He wrote that "the State of Arkansas is using a carrot and stick approach with these districts but that the districts are wise mules that have learned how to eat the carrot and sit down on the job. The time has finally come for all carrots to be put away."

Lawyers for the districts say their clients knew the state wanted to stop paying the money, but they expected to be able to negotiate the end of the state payments over a longer period of time.

Christopher Heller, who has represented Little Rock in the case since 1987, said the cutoff may imperil the district's successful magnet-school program.

Arkansas Attorney General Dustin McDaniel, a Democrat, said the school districts have enough money to maintain their programs. "Clearly a lot of people worked very hard to right wrongs, to the benefit of a lot of children," he said. But the litigation, he said, has "reached a point of being viewed as counterproductive."

"Wise mules?" I know LOTS of people in education to which that term could apply. Hilarious.

But wait, there's more!

Yesterday, a federal appeals court issued a stay of the order . Since I cxouldn't find the story anywhere but from the Associated Press, and since they threaten to throw you to the hyenas if you copy their information, I guess you'll just have to go to the link. I'll wait.


Oh, you're back. So here are the questions: Has the state of Arkansas made good faith efforts to end desegregation? Have the pofficials of the school districts receiving the money used the funds wisely? Anyone from Arkansas got any information?

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Are we really surprised? Historical ignorance abounds

Well the latest figures are in from the NAEP, and once again, US students' knowledge of their nation's history is appalling: (Please note the last two paragraphs, which I placed in bold type.)
American students are less proficient in their nation’s history than in any other subject, according to results of a nationwide test released on Tuesday, with most fourth graders unable to say why Abraham Lincoln was an important figure and few high school seniors able to identify China as the North Korean ally that fought American troops during the Korean War.

Over all, 20 percent of fourth graders, 17 percent of eighth graders and 12 percent of high school seniors demonstrated proficiency on the exam, the National Assessment of Educational Progress. Federal officials said they were encouraged by a slight increase in eighth-grade scores since the last history test, in 2006. But even those gains offered little to celebrate because, for example, fewer than a third of eighth graders could answer even a “seemingly easy question” asking them to identify an important advantage American forces had over the British during the Revolution, the government’s statement on the results said.

Diane Ravitch, an education historian who was invited by the national assessment’s governing board to review the results, said she was particularly disturbed by the fact that only 2 percent of 12th graders correctly answered a question concerning Brown v. Board of Education, which she called “very likely the most important decision” of the United States Supreme Court in the past seven decades.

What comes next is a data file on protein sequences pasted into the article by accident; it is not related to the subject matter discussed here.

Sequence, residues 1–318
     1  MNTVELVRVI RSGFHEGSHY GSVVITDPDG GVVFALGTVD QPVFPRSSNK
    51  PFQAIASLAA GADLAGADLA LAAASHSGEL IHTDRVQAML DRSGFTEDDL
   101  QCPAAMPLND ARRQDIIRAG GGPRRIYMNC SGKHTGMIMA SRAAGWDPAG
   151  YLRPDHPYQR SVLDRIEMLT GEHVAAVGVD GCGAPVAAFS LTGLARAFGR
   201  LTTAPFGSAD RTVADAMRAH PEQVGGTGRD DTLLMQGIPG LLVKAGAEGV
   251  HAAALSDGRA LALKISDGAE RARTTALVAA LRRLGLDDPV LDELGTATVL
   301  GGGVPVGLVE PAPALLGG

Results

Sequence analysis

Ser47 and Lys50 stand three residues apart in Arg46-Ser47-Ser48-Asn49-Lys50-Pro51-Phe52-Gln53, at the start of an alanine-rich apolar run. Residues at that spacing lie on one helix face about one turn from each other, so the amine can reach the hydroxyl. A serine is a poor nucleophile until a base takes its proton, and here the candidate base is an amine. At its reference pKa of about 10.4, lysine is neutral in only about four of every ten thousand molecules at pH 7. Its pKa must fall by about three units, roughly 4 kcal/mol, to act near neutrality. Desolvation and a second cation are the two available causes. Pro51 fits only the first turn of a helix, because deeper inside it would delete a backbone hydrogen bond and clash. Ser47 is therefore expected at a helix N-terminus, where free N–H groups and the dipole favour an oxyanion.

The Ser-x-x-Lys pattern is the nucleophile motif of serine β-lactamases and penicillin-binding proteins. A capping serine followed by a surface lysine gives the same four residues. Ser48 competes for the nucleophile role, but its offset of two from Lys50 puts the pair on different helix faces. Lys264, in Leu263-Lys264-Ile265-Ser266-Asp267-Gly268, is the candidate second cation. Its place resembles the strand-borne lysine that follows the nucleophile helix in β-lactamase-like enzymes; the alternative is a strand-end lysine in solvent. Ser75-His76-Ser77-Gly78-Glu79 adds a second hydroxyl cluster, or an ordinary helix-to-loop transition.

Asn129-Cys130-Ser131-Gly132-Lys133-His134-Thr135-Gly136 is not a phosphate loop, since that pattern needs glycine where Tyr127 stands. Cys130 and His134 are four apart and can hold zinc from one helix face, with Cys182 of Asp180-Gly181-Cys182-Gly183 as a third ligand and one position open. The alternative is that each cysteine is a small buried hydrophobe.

Students were given an excerpt including the passage, “We conclude that in the field of public education, separate but equal has no place, separate educational facilities are inherently unequal,” and were asked what social problem the 1954 ruling was supposed to correct.

“The answer was right in front of them,” Ms. Ravitch said. “This is alarming.”

The tests were given last spring to a representative sample of 7,000 fourth graders, 11,800 eighth graders and 12,400 12th graders nationwide. History is one of eight subjects — the others are math, reading, science, writing, civics, geography and economics — covered by the assessment program, which is also known as the Nation’s Report Card. The board that oversees the program defines three achievement levels for each test: “basic” denotes partial mastery of a subject; “proficient” represents solid academic performance and a demonstration of competency over challenging subject matter; and “advanced” means superior performance.

If history is American students’ worst subject, economics is their best: 42 percent of high school seniors were deemed proficient in the 2006 economics test, a larger proportion than in any other subject over the last decade. But Jack Buckley, commissioner of the statistical center at the Department of Education that carries out the tests, said on Monday that because the assessments in each subject were prepared and administered independently, it was not really fair to compare results across subjects.

On the 2010 history test, the proportion of students scoring at or above proficiency rose among fourth graders to 20 percent from 18 percent in 2006, held at 17 percent among eighth graders, and fell to 12 percent from 13 percent among high school seniors.

On the test’s 500-point scale, average fourth- and eighth-grade scores each increased three points since 2006. But officials said only the eighth-grade increase, to 266 in 2010 from 263 in 2006, was statistically significant. Average 12th-grade scores dropped, to 288 in 2010 from 290 in 2006.

While changes in the overall averages were microscopic, there was significant upward movement among the lowest-performing students — those in the 10th percentile — in fourth and eighth grades and a narrowing of the racial achievement gap at all levels. On average, for instance, white eighth-grade students scored 274 on the latest test, 21 points higher than Hispanic students and 23 points above black students; in 2006, white students outperformed Hispanic students by 23 points and black students by 29 points.